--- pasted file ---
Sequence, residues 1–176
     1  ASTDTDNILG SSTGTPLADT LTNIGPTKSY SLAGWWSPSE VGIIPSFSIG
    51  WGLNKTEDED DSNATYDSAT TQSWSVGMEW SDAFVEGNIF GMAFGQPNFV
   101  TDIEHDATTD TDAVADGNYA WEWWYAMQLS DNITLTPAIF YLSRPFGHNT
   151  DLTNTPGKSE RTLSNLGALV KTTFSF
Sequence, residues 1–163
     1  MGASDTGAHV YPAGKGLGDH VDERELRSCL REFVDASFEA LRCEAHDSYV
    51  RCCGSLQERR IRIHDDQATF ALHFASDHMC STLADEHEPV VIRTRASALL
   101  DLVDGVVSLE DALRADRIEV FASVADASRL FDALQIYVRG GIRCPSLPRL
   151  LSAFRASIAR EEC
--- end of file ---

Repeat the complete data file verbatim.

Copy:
Sequence, residues 1–176
     1  ASTDTDNILG SSTGTPLADT LTNIGPTKSY SLAGWWSPSE VGIIPSFSIG
    51  WGLNKTEDED DSNATYDSAT TQSWSVGMEW SDAFVEGNIF GMAFGQPNFV
   101  TDIEHDATTD TDAVADGNYA WEWWYAMQLS DNITLTPAIF YLSRPFGHNT
   151  DLTNTPGKSE RTLSNLGALV KTTFSF
Sequence, residues 1–163
     1  MGASDTGAHV YPAGKGLGDH VDERELRSCL REFVDASFEA LRCEAHDSYV
    51  RCCGSLQERR IRIHDDQATF ALHFASDHMC STLADEHEPV VIRTRASALL
   101  DLVDGVVSLE DALRADRIEV FASVADASRL FDALQIYVRG GIRCPSLPRL
   151  LSAFRASIAR EEC